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Australia’s Global Leadership and Foreign Policy 2017–2027

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Summary of key points and recommendations

Strategic Priority 1: Values-based diplomacy and Australia’s aid and development

Key points

1. There is a set of resilient, Australian values that will resonate with the majority of Australians and will motivate Australian society to see itself as having an open-minded, generous, outward-facing approach to the world. Australia’s foreign policy will have the support of the public when it reflects and projects those values.

2. Using a values-based approach helps us avoid short-termism and transactional approaches to foreign affairs. This is important if we are to navigate the uncertainty of rising isolationism, populism, nationalism and a multi-polar world order, and meet our goals.

3. Australian Aid is a key tool in both reflecting and projecting Australian values.

Strategic Priority 2: Increase peace and human security

Key points

1. The challenges we face are no longer those that can be avoided by strengthening borders and militaries. In facing challenges to security posed by climate change, pandemics and disease threats, humanitarian conflicts, people movement and migration, we need to broaden our concept of security.

2. The security of States increasingly relies on the security of individuals within States and the extent to which they live free from fear and violence, and free to live life with dignity. Addressing the insecurity of individuals requires a human security approach that can tackle major, external threats to security while also looking at structural insecurities and the ways to address them.

  1. A human security approach would have the advantage of providing a conceptual frame to maximise the potential of the integrated Department of Foreign Affairs and Trade (DFAT), bringing coherence and clarity to the mutually-reinforcing nature of the work being done within diplomacy, development and trade.

Strategic Priority 3: Deliver sustainable and inclusive growth

Key points

1. Current pursuits of growth, with little attention to the distribution of growth’s benefits or the impacts on the earth’s support systems and finite resources, have led to a situation of inequality where our actions are acting as a brake on growth. Consolidating wealth and power in the hands of very few people, as opposed to increasing the growth for the poorest 20 per cent, is halting growth.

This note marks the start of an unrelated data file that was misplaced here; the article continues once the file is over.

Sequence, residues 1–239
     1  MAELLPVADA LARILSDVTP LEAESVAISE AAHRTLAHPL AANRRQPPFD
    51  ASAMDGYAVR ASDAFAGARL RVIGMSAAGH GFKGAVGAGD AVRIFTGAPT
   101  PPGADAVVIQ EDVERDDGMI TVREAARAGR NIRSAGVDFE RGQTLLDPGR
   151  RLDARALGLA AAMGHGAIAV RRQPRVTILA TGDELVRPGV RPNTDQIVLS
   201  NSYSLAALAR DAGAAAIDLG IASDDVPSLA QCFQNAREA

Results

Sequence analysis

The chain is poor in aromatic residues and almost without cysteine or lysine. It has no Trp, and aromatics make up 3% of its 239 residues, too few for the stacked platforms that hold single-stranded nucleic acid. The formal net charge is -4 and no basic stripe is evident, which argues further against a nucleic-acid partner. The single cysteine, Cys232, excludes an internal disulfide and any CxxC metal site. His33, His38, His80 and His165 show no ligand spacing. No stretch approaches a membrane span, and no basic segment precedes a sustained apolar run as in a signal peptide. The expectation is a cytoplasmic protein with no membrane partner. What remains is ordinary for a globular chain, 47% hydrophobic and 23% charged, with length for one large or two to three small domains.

2. The economic impact of more frequent natural disasters, and the structural exclusion of women, people with a disability, old and young people, and those from sexual, ethnic, religious or racial minority groups is crippling the growth potential of the world economy.

3. An inability to shift to growth models that preserve the safe-operating space within our planetary boundaries and manage our demand on finite resources will quickly erode the prospect of ongoing prosperity into the future, with greenhouse gas emissions and environmental degradation also acting as drivers of insecurity.

Strategic Priority 4: Promoting multilateralism and human rights

Key points

1. These mutually reinforcing challenges to security and prosperity are not challenges that are unique to Australia, nor are they problems that can be solved by any one nation alone. A collective failure to adequately address these concerns has also driven a rise in the populist narratives of disempowerment and resentment with deeply xenophobic and ‘me first’ approaches promoted as the solution.

2. We must actively resist that direction, and bolster our pursuits for security and prosperity with collaborative and multilateral approaches. Australia is not a nation that will benefit from competitions of strength and ‘winner takes all’ mindsets.

3. Our power as an honest and neutral broker, able to speak into multiple audiences of traditional allies and trading partners, is also premised on our normative position in the world. As a liberal democratic nation we believe in, and uphold, human rights as central organising principles of our society. Civil society is a fundamental component of democratic societies and an embodiment of human rights principles.

4. In championing the application and upholding of human rights around the world, Australia should make a special priority of championing the role of civil society and the necessary legal, normative, social and political protections that enable vibrant civil societies.

Strategic Priority 5: Better communication of Australian foreign policy

Key points

1. The ways in which we currently communicate to the Australian public about Australian foreign policy are out of date and no longer hold meaning for most people. We need to remove the jargon from our communication – rules-based order; middle power punching above our weight; globalisation and free trade – and instead draw on the strength of widely shared values.

2. In using our values – cooperative, democratic, egalitarian, desirous of peaceful social and political order, a fair go – we can shape a plain-English statement of our purpose and objectives that will resonate and gain the support of most Australians.

3. The Aid Program is one of the most tangible ways that we both embody our values in practice, and achieve our key security and prosperity goals in the long term. We can do more to communicate the value of the aid program.